The U.K. Royal Air Force (RAF) Chinook helicopter fleet will receive a potential $648 million upgrade $408 million upgrade for RAF Chinooks in Afghanistan to include an approximately $203 million contract giving the whole Chinook fleet a significant boost by fitting a more powerful engine, enabling the Chinooks to operate more effectively in the hot summers and high altitudes of Afghanistan.

The cockpit enhancement program will see Boeing [BA]as the prime contractor, working with Thales UK and Vector Aerospace, which has long experience of Chinook maintenance and upgrade work. The new 714A engines, which will also be fitted by Vector Aerospace will be manufactured at Honeywell [HON] in the United States.

The new modern, fuel-efficient engines also mean that despite being more powerful, the fleet will be able to fly further without refueling and spend longer supporting the front line, before needing re-servicing.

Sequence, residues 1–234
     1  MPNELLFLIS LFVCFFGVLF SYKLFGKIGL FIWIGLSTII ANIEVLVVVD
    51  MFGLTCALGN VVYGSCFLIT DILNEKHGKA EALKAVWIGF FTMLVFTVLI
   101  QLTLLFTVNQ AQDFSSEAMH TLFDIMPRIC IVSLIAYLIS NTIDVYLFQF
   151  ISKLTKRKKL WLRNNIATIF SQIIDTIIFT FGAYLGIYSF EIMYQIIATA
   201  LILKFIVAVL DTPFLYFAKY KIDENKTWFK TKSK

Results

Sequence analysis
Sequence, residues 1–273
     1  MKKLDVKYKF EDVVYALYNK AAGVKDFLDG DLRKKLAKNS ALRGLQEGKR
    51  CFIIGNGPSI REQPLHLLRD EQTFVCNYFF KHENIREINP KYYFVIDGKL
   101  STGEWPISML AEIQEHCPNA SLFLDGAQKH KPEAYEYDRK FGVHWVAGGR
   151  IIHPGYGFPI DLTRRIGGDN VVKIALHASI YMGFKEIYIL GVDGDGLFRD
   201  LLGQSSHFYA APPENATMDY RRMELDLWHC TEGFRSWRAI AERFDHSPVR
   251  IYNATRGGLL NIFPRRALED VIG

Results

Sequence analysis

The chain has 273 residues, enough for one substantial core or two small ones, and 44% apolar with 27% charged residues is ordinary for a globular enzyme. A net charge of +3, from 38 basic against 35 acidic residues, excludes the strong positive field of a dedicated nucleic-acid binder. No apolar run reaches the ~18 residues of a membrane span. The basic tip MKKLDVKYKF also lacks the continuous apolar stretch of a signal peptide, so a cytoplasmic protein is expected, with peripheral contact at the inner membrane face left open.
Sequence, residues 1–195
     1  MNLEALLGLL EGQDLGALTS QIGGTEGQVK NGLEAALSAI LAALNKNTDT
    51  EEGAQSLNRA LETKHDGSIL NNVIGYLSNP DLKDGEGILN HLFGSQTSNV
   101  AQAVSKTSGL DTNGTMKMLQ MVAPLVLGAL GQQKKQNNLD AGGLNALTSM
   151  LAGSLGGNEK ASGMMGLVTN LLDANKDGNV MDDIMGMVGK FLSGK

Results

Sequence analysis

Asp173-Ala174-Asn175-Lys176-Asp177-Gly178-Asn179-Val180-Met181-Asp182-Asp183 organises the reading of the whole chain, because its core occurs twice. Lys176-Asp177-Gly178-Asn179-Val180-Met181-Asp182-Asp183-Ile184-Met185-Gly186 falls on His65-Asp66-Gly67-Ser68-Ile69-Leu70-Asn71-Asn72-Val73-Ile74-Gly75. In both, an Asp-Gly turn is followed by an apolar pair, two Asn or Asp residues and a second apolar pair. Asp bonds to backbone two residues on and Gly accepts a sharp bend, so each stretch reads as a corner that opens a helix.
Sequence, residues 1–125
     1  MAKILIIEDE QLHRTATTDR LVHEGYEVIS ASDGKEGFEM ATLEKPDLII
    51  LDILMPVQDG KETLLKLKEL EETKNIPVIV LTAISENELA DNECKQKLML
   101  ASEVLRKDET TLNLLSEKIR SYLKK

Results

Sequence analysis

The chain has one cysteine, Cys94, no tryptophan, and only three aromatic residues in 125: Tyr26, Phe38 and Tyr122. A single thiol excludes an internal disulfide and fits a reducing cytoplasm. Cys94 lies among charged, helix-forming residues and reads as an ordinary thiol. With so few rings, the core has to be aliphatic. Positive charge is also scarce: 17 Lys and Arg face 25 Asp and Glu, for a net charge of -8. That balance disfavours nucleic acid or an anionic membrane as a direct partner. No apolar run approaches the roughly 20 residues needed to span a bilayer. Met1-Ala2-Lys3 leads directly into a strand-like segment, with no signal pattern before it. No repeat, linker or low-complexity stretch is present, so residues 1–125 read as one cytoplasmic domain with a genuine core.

In addition, Chinook pilots will also benefit from improved visibility, under a potential $445 million contract to fit Thales’glass cockpits, which will improve the capability of the aircraft under demanding low light conditions.

Speaking at the home of the Chinook fleet, RAF Odiham, the Minister for Defence Equipment and Support, Quentin Davies said: “The Chinook is the cornerstone of our helicopter support effort in Afghanistan. These improvements will increase its capability and ensure it can play an even more valuable role in supporting our forces and NATO coalition allies in tackling insurgency in Afghanistan. Upgrading the Chinook is part of a series of improvements to our battlefield helicopter force and is powerful evidence of our commitment and determination to give our Forces the very best equipment.”

Flight Lt. Dan Padbury, Chinook pilot on 27 Squadron based at RAF Odiham, who is currently flying Chinooks in Afghanistan, said the new engines also are a benefit: “It’s early days, but the new 714 engines have already performed as anticipated and will certainly increase our operational capability in theatres such as Afghanistan. Having flown a Chinook fitted with the new engines, I noticed a marked improvement in performance.”